Bacteria that cause toxic shock syndrome (TSS)

The two most common bacteria found in the diagnosis of toxic shock syndrome (TSS) are Streptococcus pyogenes (group A strep) or Staphylococcus aureus (staph).1 In some cases of TSS, the strep or staph bacteria may cause a serious infection in the body, such as pneumonia, osteomyelitis, or endocarditis.

Strep TSS is not as likely as staph TSS to come back. A person with staph TSS has an increased chance for getting it again.

Streptococcus pyogenes (group A strep)

Strep TSS may be related to:

  • Chickenpox (varicella). Children with chickenpox have a higher chance of getting TSS.
  • Advanced age. Older adults have a higher chance of getting TSS.
  • Diabetes , heart or lung disease, HIV, alcohol use, or intravenous (IV) drug use. People with these conditions have a higher chance of getting TSS.

But strep TSS can develop in people who have no risk factors.

Symptoms of strep TSS include:

Group A strep bacteria can be identified by cultures from a sample of blood or cerebrospinal fluid (CSF) or by a tissue biopsy. Cultures from the throat, the vagina, or a sputum sample may also contain the bacteria.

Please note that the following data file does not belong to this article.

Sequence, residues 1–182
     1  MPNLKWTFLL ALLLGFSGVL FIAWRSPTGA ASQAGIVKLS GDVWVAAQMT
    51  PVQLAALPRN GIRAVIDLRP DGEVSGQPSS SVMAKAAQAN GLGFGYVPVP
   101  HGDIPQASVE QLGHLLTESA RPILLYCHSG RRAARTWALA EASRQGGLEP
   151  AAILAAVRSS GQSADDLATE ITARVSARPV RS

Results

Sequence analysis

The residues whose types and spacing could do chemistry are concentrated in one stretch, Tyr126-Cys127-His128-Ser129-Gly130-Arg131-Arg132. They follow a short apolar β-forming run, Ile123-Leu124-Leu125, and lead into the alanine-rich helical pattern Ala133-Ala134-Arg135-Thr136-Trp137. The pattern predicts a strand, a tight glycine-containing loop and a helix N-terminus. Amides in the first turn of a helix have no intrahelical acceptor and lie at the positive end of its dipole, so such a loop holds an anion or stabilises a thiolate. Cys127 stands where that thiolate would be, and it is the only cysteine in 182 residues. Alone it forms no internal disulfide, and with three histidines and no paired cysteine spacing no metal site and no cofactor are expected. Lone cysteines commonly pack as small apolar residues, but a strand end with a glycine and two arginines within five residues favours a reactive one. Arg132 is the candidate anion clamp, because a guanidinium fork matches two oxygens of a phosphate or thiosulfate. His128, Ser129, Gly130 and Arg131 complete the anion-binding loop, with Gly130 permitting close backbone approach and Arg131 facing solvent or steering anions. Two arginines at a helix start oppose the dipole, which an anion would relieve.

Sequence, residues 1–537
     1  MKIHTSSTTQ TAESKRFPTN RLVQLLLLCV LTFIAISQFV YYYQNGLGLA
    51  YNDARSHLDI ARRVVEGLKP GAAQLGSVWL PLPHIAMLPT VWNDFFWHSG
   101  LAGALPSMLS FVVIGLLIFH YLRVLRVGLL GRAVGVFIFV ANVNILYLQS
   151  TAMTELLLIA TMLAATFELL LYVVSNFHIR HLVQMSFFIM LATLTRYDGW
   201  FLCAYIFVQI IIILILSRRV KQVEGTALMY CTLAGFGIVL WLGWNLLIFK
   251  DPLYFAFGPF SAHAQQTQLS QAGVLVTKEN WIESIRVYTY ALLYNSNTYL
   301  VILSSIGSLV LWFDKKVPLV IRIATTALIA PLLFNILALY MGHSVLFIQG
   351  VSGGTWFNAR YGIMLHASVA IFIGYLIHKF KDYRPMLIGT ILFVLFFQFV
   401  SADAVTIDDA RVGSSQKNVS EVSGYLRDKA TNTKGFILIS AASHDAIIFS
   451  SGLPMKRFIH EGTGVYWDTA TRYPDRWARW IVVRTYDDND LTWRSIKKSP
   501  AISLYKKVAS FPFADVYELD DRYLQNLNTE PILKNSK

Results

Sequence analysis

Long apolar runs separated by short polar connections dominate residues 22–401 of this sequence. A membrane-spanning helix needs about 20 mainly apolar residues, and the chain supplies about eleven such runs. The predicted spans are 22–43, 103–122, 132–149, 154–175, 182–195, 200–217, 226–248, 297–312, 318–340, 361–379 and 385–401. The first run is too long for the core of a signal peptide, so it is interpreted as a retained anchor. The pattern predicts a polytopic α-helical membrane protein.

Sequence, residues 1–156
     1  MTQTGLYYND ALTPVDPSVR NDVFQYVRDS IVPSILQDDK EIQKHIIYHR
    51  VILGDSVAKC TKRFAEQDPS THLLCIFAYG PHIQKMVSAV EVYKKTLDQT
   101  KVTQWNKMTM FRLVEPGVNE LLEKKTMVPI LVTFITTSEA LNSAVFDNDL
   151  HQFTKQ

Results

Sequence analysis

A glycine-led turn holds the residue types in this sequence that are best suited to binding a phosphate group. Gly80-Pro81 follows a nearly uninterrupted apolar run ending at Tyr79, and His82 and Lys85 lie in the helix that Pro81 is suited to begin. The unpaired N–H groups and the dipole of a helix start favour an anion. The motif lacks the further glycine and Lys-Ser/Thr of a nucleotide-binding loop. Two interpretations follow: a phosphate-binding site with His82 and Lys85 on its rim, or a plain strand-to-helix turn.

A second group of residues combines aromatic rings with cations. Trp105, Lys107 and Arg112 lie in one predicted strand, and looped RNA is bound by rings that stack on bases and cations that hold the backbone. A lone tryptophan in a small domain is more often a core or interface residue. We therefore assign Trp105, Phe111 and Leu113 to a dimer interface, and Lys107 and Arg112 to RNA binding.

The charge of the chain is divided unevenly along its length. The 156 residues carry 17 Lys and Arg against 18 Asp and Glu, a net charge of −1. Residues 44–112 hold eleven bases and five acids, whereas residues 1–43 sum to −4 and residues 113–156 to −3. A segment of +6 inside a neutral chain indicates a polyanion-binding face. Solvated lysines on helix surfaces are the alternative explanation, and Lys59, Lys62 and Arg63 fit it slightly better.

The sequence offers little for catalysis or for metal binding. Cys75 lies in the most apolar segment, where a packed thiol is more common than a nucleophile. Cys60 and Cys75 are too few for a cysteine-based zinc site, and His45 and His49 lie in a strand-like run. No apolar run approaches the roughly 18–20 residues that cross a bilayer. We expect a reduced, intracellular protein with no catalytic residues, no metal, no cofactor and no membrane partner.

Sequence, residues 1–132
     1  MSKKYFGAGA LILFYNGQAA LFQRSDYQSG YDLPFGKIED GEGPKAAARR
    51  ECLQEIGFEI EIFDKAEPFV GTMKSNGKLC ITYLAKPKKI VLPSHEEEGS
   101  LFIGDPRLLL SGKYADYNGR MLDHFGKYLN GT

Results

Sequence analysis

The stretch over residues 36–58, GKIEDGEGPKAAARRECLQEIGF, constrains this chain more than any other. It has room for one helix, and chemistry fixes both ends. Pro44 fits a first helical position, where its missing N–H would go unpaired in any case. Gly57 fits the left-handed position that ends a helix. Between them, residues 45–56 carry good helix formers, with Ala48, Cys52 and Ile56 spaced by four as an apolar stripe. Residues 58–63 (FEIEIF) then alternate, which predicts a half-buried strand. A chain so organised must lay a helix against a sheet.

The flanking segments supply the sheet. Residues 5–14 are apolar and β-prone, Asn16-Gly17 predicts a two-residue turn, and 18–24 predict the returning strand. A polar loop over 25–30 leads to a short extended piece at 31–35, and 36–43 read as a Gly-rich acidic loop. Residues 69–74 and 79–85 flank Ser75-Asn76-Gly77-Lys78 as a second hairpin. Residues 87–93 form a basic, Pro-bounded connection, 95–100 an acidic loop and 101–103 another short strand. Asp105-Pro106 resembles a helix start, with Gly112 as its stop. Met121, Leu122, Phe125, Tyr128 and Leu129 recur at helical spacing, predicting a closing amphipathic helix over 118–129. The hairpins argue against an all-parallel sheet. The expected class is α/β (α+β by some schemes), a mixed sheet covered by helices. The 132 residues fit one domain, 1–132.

Staphylococcal aureus (staph)

In adults, staph may be part of the normal body bacteria on the skin and in the nose and vagina; more than 90% of adults have developed antibodies to the staph bacteria that causes TSS.1 For those who haven't developed an immunity and contract a staph infection, toxic shock syndrome may be related to:

  • Prolonged use of a tampon, typically a superabsorbent type.
  • The presence of a foreign body at the site of infection.
  • Infection after surgery, generally from a person's own staph bacteria.1

Symptoms of staph TSS include:

  • Fever over 102°F (38.89°C).
  • Red rash that is widespread over the body.
  • Dangerously low blood pressure (hypotension). The first sign of this life-threatening condition can be dizziness when rising from a sitting or lying position (orthostatic hypotension).
  • Involvement of more than one organ system, indicated by the presence of three or more of the following symptoms:
    • Vomiting or diarrhea
    • Severe muscle ache or pain
    • Confusion or decreased level of consciousness
    • Extremely red mucous membranes in the mouth, nose, throat, eye, or vagina
    • Elevated kidney and liver blood test results
    • Decreased platelet count
  • Skin tissue shedding, especially from the palms of the hands and the soles of the feet, 7 to 14 days after rash begins.

Citations

  1. American Academy of Pediatrics (2006). Toxic shock syndrome. In LK Pickering et al., eds., Red Book: 2006 Report of the Committee on Infectious Diseases, 27th ed., pp. 660–665. Elk Grove Village, IL: American Academy of Pediatrics.

Last Updated: March 3, 2008

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